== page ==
Cartilage Free Captain: The Spurs Problem™ is complicated and doesn’t have a single, simple answer. Instead, there are a multitude of factors that combined to turn this season into one that was extremely disappointing to Spurs supporters.1. Overblown Expectations. After Gareth Bale was sold this summer and we spent £100m on players in the offseason, it’s easy to make the assumption that money = quality. After all, it worked for Chelsea and Manchester City, right? It’s a bit of a fallacy, though. Sure, Spurs dropped a ton of money on players, but none of them had any prior EPL experience and all of them took a lot of time to bed in and acclimate to life in the Premier League. While all of us had stars in our eyes with the quality of the new signings, I think the loss of Gareth Bale hit the team much harder than anyone anticipated. He was, after all, the talisman of the team and won us a lot of points single-handedly last season. Many fans were expecting a title contention this season, but with the amount of turnover, even with a flagging Manchester United tempering expectations would’ve been more productive in what is turning out to be a rebuilding year. Which brings me to:2. Underwhelming (for now) signings. Some would say selling Gareth Bale and bringing in the seven players we did is akin to trading in a dollar for seven dimes. I’m not sure I quite believe that (yet) but there’s no question that our signings underperformed. The exception is Christian Eriksen, who is clearly Spurs’ best player on the pitch right now, and Erik Lamela, who has struggled with injury and adaption to England all season, gets a pass. But the likes of Paulinho and especially Roberto Soldado have disappointed and have not been worth their price tags, at least not this first season. I have hopes that with the right manager and in the right tactical system all of our players can improve next season, but it’s been a painful period of acclimation. The pieces are all there; the puzzle just has to be assembled.3. Managerial upheaval. AVB probably deserved to be sacked, though I was surprised it happened when it did. We at Cartilage Free Captain think that there were probably behind-the-scenes shenanigans of some sort that tipped the balance -- while AVB’s results weren’t stellar this season, they probably didn’t warrant a sacking alone, unless there were bridges being burned between AVB and Daniel Levy. The timing of the sacking, however, was awful, and it contributed to the derailment of the season. The appointment of Tim Sherwood was a high-risk high-reward gamble, even when the minimum expectations were to right the ship and prevent a tire fire. There weren’t many good options at manager at the time, so at best we had the next Bill Nicholson in waiting, and at worst we’re only stuck with him until the end of the season. I don’t think anyone really expects "Tactics Tim" to be retained after season’s end -- he’s looked waaaaay out of his depth, and while I think he has the potential to be a decent manager, it won’t be as manager of Tottenham Hotspur.Take all three of these factors, toss in a few 6-0 drubbings, and mix with a healthy dose of North London pessimism, and you end up with a recipe for seventh place in the Prem. Tastes awful, too.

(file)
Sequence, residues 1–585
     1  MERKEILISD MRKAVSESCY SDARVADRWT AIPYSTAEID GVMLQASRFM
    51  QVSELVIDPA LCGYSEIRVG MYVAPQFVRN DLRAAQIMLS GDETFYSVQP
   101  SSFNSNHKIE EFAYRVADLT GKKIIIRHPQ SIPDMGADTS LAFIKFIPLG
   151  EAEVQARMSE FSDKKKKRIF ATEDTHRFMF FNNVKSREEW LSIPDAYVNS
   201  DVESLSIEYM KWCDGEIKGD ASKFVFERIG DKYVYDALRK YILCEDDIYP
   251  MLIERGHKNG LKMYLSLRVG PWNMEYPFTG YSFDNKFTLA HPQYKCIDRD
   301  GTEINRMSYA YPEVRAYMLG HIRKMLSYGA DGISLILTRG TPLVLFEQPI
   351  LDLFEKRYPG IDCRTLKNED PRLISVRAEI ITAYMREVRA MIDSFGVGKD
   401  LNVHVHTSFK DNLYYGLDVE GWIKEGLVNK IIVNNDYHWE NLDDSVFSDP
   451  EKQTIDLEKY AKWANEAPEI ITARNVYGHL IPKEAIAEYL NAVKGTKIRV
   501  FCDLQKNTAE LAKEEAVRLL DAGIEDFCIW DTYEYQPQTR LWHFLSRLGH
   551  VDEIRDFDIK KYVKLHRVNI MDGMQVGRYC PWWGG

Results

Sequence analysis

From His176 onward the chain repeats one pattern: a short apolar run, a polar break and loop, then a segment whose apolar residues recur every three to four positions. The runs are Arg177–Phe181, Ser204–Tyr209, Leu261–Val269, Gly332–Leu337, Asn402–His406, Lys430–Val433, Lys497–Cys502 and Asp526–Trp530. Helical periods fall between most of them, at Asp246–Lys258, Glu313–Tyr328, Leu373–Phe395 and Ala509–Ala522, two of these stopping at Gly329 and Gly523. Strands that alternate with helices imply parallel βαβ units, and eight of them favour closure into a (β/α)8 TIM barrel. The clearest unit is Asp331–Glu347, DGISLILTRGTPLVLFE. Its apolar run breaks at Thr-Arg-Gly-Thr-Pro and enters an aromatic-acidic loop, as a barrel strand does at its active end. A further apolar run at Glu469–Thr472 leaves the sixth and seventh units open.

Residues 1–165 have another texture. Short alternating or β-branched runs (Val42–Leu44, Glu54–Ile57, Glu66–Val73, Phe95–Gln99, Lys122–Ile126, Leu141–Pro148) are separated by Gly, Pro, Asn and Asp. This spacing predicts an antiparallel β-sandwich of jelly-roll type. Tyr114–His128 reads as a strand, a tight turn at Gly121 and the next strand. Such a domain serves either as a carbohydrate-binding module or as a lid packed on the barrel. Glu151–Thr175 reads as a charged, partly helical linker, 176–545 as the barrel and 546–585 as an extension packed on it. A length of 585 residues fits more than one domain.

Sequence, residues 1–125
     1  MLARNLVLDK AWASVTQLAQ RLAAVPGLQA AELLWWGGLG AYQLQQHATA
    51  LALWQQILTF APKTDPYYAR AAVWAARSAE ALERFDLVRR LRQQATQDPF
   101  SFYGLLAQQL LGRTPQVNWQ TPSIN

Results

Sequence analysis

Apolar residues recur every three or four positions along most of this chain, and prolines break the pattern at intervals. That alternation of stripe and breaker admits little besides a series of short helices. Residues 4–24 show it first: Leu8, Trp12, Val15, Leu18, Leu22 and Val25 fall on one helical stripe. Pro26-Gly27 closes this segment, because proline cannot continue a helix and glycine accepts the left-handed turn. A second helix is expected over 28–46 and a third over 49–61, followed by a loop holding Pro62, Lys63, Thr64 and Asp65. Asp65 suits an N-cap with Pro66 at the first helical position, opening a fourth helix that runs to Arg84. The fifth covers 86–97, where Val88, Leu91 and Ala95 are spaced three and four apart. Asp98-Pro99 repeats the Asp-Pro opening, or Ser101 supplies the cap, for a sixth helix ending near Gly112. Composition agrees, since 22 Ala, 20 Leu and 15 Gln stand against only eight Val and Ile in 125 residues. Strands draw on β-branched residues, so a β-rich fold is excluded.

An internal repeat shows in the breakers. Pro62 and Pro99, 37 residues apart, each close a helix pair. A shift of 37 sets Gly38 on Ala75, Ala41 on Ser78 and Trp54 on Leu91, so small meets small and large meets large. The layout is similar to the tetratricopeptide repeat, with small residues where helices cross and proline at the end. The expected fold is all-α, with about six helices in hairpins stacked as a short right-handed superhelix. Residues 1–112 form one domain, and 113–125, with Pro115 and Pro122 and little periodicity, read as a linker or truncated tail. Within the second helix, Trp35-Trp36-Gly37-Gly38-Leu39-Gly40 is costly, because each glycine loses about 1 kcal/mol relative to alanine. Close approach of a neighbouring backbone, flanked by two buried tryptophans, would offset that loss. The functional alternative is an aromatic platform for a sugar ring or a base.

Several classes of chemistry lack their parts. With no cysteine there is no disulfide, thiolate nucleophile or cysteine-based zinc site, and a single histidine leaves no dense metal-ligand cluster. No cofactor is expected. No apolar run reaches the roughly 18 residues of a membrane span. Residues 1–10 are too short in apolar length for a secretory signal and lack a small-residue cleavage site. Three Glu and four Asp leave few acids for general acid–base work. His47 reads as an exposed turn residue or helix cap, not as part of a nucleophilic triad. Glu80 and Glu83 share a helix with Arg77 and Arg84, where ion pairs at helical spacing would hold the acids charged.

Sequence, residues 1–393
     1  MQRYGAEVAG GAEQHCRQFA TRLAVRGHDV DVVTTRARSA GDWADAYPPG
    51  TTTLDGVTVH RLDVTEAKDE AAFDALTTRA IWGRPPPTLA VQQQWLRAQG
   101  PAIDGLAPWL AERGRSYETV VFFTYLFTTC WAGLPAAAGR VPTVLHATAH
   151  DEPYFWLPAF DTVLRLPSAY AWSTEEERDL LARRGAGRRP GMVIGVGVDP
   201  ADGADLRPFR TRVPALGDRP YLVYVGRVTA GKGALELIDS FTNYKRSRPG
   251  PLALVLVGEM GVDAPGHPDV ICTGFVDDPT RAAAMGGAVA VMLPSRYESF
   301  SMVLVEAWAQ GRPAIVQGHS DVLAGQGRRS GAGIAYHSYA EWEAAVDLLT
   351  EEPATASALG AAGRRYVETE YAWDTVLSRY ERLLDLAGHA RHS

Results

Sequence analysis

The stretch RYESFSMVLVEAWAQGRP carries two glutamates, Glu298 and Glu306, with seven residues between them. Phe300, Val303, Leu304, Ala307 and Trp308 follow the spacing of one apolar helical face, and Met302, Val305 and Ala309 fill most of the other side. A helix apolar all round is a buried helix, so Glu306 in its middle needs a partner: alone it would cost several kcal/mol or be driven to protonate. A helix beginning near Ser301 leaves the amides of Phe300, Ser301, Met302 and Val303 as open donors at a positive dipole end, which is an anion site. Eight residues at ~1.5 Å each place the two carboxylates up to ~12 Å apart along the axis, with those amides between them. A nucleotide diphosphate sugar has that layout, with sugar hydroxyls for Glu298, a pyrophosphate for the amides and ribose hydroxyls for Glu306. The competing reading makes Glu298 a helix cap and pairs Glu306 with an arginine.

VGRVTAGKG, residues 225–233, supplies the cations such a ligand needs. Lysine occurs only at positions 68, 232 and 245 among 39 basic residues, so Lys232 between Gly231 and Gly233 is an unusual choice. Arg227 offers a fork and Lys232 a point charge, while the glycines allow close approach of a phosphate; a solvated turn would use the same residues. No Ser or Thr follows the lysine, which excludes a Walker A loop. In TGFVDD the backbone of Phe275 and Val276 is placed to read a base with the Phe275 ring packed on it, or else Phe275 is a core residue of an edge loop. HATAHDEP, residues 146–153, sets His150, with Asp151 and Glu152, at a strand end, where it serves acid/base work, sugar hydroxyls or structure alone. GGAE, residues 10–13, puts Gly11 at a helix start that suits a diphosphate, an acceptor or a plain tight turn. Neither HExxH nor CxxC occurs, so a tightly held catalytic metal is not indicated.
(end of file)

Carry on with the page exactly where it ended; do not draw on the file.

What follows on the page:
CFC: Spurs are a tweener kind of club at present. We’re a bit like Sisyphus pushing that boulder up the hill -- the top of the hill is perennial Champions League qualification, big name signings, and "destination club" status. And man, it’s hard to get there. We’re bigger than a mid-table club, we keep slipping while pushing that damn boulder. For that reason, Tottenham are never going to end up with the likes of Klopp, Guardiola, Mancini, etc. Ultimately it comes down to a matter of philosophy. Tottenham can either take a gamble on an up and coming young manager from either the middle of the Premier League (Pochettino) or from the continent (Frank de Boer at Ajax; Roger Schmidt at Salzburg, etc). They can get a so-called reclamation project manager that failed at another club (AVB comes to mind here). Or they can luck out and get a manager leaving a job and wanting to manage in the Premier eague (Louis van Gaal, Rafa Benitez).I’m actually a little split on this issue. Van Gaal seems like the best choice if we can get him, though at his age he doesn’t seem like one for the long haul, so we’d want a succession plan in place if he comes to Spurs, though United or Arsenal could come sniffing around if they decide to make managerial changes this summer. I’m not sold on Pochettino right now, and taking a gamble on a continental manager could pay dividends, or it could backfire. My reaction to Rafa Benitez was viscerally negative, but I’m starting (STARTING) to come around on that. Put a gun to my head and I say Van Gaal, but either way it’s going to be a very interesting summer.
CFC: Awww, Lewis. For Spurs, Holtby was a "moneyball" purchase. We got him practically for five quid and a bacon sandwich, and he’s gotten opportunities this season to impress. Unfortunately, he just hasn’t made the #10 position his own at Spurs, whether that be for managerial reasons or whatever. I’d love him to find his feet at Spurs and turn into the player that he’s shown at Fulham, but I probably wouldn’t be too disappointed if he’s sold this summer. He needs to be at a team where he can play week in and week out. This loan was probably the shop window for Lewis, and if we can get a decent return on our (paltry) investment on him, I wouldn’t be surprised to see him go. And he’ll probably turn out to be bloody fantastic wherever he lands, because of course he will arrrgh.
CFC: Hahahaha, honesty! That’s good! I like that.